Why wasn’t WS all that upset, if they were even paying attention at all? Well, Sep. 6 is still a bit early for Fall. And an actual launch on Sep. 6 implies pre-ordering 10 days or so before the launch, which implies an Apple media event some days before that, which implies a media invite at least a few days to a week before that. Before you know it, we’re in mid-August or so with Apple media invite news.

Then there’s that whole “iOS 7 needs to get done and released a few days before the new iPhones” deal, too.

So maybe Dalrymple can “yep” more solid intel that might put the actual first-stage launch of the new iPhones more like mid/late September.

Apple Product Rumors, Part 20,000: The Intersection of Potentially Solid Product Intel and Common Sense

Let’s start here:


Let’s assume for fun that the iPhone 5S will be delayed due to the infamous production constraints that always pop up like clockwork, every, single, year. Thankfully, this time we’re looking at late September for Apple’s bread-and-butter flagship iPhone. A couple weeks of delay isn’t the biggest deal in the world.

But let’s assume “iPhone go” (as I like to call it) is ready a couple of weeks earlier.

So…launch iPhone go first and iPhone 5S or whatever later?

Why would Apple want to launch the “lesser” iPhone before the newest iPhone, if the original plan was presumably to launch the two at the same time? Is Apple so desperate for sales that it’ll potentially hamper demand for the flagship? The calculus gets even trickier if iPhone go happens to have more than one price point.

Let’s now assume for fun that iPad 5 is on schedule, but iPad mini “isn’t”. Does anyone seriously think Apple doesn’t have contingency plans? Or that Apple will delay THE most popular iPad by not launching a new iPad mini at least once a year?

And while Ming-Chi Kuo has a pretty decent overall history of predictions and supply chain sources, it’s hard to believe that Apple hasn’t “mastered” the Retina Display just yet. It’s had them since June 2010 (iPhone 4), it’s probably been working with them before that point, it’s made even bigger Retina Displays since then (2880×1800, anyone?), and it’s had a 2048×1536 Retina Display to “shrink down” since March 2012.

Last but not least, a quick comment about iPhone go. A $450-550 iPhone 5-based iPhone doesn’t have to be the only “cheaper option”. The A5 would still be expected to be in play as SoC behind the “$0 iPhone” this year, and A5 + current-gen Retina Display are clearly able to be paired together. There’s that common sense thing again. If Apple is trying to reach the lower end of the market, the venerable iPhone 5 hardware isn’t the only option that’s available for this year.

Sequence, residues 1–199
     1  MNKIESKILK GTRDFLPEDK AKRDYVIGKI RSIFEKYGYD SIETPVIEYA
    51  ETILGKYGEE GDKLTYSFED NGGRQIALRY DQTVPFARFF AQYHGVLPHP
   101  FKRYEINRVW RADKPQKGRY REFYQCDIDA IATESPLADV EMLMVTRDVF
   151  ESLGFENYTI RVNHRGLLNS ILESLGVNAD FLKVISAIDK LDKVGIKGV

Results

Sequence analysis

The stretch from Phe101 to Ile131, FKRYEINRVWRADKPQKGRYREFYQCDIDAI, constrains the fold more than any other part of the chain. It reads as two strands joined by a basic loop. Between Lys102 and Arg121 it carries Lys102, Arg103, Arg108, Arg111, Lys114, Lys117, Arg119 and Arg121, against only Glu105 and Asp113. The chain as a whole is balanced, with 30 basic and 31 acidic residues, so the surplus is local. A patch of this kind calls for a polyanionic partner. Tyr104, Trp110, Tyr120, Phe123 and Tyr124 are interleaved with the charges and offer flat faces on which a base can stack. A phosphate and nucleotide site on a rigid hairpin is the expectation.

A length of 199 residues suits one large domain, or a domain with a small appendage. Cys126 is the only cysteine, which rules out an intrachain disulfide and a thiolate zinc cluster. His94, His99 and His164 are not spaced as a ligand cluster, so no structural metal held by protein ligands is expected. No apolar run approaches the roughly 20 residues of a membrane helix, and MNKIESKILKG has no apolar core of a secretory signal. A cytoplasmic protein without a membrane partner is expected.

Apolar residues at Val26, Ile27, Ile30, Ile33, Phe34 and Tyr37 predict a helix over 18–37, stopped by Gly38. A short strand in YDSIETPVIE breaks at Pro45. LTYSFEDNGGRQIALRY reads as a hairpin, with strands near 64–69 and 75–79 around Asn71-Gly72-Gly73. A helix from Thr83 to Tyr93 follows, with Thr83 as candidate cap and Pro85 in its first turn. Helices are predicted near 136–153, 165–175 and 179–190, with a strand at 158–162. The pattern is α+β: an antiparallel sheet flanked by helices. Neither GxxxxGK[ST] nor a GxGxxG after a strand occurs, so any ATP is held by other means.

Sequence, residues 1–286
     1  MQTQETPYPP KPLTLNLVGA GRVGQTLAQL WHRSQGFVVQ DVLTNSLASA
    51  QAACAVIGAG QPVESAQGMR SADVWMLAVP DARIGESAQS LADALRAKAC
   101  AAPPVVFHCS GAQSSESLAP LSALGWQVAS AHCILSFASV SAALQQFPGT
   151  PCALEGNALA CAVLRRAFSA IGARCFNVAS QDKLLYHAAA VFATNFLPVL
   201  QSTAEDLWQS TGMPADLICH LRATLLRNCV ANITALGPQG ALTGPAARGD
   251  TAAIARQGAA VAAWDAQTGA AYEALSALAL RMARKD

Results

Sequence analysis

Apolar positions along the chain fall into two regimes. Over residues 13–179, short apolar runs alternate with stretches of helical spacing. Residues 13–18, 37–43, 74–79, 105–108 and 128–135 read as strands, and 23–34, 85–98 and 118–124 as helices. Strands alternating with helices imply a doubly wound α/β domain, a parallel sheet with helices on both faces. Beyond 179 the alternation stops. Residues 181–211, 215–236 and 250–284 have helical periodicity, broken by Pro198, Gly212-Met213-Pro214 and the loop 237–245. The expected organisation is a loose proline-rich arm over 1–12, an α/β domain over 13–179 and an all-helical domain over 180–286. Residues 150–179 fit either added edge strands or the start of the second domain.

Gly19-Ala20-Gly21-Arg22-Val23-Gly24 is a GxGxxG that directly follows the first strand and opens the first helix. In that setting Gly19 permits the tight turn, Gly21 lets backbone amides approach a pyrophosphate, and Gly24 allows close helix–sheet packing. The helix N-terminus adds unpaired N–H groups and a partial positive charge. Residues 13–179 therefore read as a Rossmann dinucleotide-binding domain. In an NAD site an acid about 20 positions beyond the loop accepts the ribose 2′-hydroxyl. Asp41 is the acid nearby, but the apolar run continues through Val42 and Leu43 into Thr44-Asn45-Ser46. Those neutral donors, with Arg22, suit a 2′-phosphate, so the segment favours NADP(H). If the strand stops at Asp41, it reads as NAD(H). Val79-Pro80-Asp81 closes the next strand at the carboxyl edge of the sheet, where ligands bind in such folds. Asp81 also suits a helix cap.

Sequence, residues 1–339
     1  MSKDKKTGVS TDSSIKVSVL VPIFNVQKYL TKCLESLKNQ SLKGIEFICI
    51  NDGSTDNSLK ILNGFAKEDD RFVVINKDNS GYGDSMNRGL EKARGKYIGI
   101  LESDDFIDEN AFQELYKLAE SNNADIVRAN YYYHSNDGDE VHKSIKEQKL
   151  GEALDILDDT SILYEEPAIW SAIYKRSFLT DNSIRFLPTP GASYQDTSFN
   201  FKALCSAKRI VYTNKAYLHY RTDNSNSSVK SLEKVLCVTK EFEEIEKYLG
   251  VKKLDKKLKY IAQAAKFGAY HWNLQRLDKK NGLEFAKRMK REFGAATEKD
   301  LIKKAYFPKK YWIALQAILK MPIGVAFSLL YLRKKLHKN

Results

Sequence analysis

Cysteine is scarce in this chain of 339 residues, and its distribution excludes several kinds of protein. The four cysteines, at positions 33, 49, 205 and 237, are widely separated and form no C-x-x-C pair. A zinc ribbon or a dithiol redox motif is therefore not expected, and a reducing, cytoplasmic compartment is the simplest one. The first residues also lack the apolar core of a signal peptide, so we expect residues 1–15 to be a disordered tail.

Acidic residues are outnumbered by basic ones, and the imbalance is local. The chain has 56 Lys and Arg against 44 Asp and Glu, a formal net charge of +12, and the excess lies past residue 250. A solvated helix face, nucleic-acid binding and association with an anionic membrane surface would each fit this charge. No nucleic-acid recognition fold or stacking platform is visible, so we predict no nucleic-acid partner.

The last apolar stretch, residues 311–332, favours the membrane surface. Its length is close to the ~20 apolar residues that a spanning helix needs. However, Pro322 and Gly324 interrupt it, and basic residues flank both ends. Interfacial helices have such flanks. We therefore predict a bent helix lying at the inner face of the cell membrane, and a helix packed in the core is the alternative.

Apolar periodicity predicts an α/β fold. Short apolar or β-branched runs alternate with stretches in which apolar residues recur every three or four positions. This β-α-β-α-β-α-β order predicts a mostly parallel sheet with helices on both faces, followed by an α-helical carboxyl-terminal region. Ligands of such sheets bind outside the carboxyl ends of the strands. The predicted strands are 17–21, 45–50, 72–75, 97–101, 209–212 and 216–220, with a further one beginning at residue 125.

My Prediction for What Apple Will Specifically Name the Rumored Cheaper iPhone With New Form Factor, If It’s For Real

iPhone go.  (Italics optional.)  I know, what an incredible revelation.  Anyway:

IF Apple has chosen an iPad mini-without-the-mini*** path for a new form factor iPhone (be it polycarbonate unibody-based or whatever), that’s the only “suffix” that makes sense to me.  Why?

An iPhone that’s got worry-less (not worry-free, but getting there) unibody polycarbonate or something durability (Jony Ive’s done it before with the one-off unibody polycarbonate MacBook).  Add some water resistance or splash protection?  Sure, why not.

An iPhone with everyday usability, necessity and style (mix Jony Ive’s proven design sensibilities with COLORS).

An iPhone which, with the above qualities, fits the “on the go” lifestyle.

An iPhone which seems a bit more “youthful” (though that won’t necessarily be part of the public-facing marketing pitch), more iPod touch-“playful” than iPhone 4/5-“purposeful” – which corresponds to being more active, which also feeds back into the whole “go” deal.

An iPhone which, if the pundits are “finally” correct, is based on the pay-as-you-go (or something like it) concept, being unlocked or unsubsidized or less-subsidized or whatever.  (Though I’m sure it’ll also be available for $99 or so on a typical carrier-subsidized 2-year smartphone plan.)

Hence, “iPhone go”.

***By which I mean iPad mini is basically an iPad 2 with a dash of more current-gen-type tech (in iPad mini’s case, LTE) in a new form factor.  If iPhone go were to have, say, the A5 SoC + current-gen 1136×640 Retina Display + LTE, it’d be a similar product packaging concept, with the two exceptions of iPhone go having the the same-size-and-pixel-count Retina Display, which also means iPhone go would be roughly the same size and perhaps a bit thicker than the iPhone 5S (unless Apple boosts screen size and/or resolution for the 5S, in which case Apple might have a striaght-up iPhone 6 in the works this year).